It's About Wellness

Expert advice on setting fitness goals you can achieve



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Good nutrition choices promote wellness, consistency matters, and success becomes sweeter than sugar.

 

 

Though setting and achieving a health-related goal has much to do with the body, ironically, it may have more to do with the mind. 

Our approach to nutrition and fitness can be tied to how we approach other challenges in life. That’s why when a new client walks through the door at Sweat Therapy Fitness, owner Kim Bibeau often asks questions that may not at first appear to have to do with health. 

Rather than making conversation, Bibeau aims to find out more about a client’s past achievements, because those achievements can in turn be connected to fitness. “Say a client tells me they paid off a big credit card debt over 12 months,” Bibeau said. “Let’s build on that. Say they got a bachelor’s degree in criminology and it took eight years — it didn’t happen right away.” 

Clients sometimes come in with an unrealistic timetable for meeting their goals, Bibeau said, such as I want to lose ___ pounds by ___ date.  

The more you see success, the more success you want.” 
— Kim Bibeau, owner of Sweat Therapy Fitness

“You have to realize that any goal that’s worth meeting is going to take time and effort,” advised Dr. Larry Kubiak, director of psychological services at Tallahassee Memorial Behavioral Health Center. He suggests forming a specific plan of action and meeting with your doctor, especially if you have a medical condition such as diabetes, prediabetes or food allergies. “You’ll want to see if your doctor agrees with your goal, whether they feel it’s realistic, or if they have suggestions to offer,” he said.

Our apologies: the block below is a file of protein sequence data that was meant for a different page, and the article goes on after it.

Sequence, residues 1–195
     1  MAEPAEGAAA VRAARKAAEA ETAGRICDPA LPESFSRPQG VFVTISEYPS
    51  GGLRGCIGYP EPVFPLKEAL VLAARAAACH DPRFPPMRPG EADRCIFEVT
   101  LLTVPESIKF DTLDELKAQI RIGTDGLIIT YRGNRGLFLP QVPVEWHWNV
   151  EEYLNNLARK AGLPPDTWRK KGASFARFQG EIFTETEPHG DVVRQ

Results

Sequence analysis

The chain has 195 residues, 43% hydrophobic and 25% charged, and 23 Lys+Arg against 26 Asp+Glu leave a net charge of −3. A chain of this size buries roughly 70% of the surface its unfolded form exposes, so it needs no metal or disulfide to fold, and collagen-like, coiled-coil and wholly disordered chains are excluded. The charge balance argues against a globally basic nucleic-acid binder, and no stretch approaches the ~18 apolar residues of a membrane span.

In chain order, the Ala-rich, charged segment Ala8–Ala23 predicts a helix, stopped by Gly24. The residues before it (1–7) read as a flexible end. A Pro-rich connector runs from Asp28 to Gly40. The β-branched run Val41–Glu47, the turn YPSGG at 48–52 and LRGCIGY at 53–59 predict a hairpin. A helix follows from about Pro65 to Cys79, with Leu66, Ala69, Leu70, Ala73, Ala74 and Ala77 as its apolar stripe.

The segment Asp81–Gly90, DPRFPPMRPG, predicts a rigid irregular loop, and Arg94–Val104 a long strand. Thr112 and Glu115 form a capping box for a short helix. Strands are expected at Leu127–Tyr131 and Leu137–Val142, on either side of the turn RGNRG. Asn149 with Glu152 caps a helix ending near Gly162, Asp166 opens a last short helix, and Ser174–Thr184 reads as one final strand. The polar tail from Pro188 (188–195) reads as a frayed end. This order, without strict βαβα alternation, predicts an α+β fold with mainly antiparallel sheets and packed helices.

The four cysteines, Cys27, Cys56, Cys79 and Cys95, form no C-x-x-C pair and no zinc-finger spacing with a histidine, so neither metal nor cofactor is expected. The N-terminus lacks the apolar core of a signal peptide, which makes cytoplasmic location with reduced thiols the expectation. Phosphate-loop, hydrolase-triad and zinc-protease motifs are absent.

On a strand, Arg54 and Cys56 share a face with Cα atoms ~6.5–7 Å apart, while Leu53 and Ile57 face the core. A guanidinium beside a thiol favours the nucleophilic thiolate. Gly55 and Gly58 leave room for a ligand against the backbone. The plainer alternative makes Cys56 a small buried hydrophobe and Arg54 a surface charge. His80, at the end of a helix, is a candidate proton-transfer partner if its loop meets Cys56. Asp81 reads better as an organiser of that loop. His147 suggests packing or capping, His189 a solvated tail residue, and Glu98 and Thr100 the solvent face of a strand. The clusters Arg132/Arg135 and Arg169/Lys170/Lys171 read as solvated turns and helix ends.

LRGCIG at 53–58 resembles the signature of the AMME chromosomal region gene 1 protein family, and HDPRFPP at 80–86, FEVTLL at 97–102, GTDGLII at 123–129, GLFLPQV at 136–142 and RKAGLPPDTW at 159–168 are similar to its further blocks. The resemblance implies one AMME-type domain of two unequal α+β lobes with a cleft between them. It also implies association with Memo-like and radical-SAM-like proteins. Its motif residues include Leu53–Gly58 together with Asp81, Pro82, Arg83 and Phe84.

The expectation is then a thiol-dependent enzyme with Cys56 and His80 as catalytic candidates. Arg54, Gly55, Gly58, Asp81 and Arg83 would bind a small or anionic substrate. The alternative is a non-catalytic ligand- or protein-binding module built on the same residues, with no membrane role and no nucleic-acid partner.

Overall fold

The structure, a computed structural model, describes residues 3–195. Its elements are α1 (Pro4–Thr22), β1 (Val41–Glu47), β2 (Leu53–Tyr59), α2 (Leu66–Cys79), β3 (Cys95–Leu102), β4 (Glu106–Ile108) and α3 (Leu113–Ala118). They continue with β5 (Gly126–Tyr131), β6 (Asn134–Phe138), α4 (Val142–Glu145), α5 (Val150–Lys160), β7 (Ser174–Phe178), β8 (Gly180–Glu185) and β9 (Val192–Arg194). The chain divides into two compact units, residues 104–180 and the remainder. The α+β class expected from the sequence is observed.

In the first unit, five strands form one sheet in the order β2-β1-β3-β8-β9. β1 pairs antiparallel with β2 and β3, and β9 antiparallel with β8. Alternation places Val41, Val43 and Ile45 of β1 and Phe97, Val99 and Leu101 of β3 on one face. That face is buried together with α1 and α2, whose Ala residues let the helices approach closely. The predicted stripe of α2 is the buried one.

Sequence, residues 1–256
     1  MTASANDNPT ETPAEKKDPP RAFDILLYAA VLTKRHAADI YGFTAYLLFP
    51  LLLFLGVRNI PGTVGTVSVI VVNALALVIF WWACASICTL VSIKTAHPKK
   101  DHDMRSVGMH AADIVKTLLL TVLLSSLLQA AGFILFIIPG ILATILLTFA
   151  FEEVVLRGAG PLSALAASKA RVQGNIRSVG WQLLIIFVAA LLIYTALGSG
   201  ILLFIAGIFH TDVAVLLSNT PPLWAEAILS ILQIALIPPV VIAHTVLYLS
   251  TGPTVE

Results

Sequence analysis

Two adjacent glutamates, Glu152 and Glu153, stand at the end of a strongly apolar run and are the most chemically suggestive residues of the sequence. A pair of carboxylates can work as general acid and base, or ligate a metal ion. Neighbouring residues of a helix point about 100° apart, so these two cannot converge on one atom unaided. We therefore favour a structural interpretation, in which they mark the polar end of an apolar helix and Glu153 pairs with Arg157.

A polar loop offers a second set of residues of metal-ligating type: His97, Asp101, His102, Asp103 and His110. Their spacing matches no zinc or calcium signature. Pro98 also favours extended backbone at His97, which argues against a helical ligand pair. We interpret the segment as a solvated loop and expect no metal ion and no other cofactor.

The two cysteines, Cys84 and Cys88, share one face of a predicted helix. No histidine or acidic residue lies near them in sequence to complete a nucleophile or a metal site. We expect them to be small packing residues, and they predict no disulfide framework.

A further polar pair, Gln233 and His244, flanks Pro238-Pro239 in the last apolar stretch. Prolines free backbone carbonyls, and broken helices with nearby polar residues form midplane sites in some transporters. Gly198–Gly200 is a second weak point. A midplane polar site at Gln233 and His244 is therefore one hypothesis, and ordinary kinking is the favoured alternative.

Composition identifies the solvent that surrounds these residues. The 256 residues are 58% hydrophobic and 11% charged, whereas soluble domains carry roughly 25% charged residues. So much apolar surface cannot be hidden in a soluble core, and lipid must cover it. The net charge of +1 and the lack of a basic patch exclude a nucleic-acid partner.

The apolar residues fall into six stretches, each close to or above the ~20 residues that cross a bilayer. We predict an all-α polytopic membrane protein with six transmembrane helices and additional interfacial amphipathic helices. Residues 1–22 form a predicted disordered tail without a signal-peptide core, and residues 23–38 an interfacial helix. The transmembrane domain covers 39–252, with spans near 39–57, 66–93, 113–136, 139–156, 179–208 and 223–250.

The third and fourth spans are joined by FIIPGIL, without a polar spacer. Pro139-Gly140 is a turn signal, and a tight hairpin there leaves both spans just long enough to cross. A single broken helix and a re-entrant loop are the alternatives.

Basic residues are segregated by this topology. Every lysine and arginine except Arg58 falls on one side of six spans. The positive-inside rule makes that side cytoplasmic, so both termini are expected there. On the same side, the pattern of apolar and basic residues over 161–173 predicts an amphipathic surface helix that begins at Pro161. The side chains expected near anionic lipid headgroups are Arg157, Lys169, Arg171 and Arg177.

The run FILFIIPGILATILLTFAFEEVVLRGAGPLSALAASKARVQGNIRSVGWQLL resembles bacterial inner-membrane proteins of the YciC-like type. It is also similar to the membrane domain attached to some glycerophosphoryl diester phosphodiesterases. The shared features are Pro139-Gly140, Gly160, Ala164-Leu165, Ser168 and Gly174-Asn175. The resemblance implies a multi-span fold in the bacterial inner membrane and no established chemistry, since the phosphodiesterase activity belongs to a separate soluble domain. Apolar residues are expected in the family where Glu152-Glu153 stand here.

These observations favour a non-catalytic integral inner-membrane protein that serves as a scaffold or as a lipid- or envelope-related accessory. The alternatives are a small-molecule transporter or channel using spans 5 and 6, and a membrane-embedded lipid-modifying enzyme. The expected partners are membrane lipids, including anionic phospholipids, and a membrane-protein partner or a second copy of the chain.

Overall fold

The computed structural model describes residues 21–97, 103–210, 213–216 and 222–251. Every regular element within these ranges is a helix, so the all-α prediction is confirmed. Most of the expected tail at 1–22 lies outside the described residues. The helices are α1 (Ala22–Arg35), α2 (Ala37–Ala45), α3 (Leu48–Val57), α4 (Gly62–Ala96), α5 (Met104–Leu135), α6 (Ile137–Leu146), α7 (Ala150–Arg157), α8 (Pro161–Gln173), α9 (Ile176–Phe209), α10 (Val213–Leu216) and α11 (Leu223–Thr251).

Upon meeting a new client, registered dietician Heather Fisher does an eating behavior assessment. “I won’t tell someone what they can and can’t have. Instead, I look at the timing of what someone eats, the components of what they eat, and we make modifications from there.” Part of Fisher’s job, she said, is to translate the science of nutrition into its practical application — one’s eating habits. Like Bibeau, she counsels a goal-setting approach based on the client’s strengths. 

The dietitian joined Dr. Kubiak and Bibeau in stressing the importance of not making changes too quickly. “It’s about wellness, not weight.” 

Keep It Small, at First

We’re told to aim big in life. But keeping it small is rule #1 in behavior change. Kicking off a new eating plan may be as simple, Fisher said, as adding a piece of fruit a day to your diet (or even every other day) if you never eat fruit, or cooking a healthy meal at home once a week if you’ve grown too used to convenience foods for dinner. 

Setting a series of small goals was crucial for Bibeau in losing 90 pounds over two and a half years. “I was tired of counting calories,” she said. “The first thing I said was that I’m going to exercise three times a week. I did it for a month, and it got easier. Next I decided to change my breakfast, and not worry yet about lunch or dinner.” 

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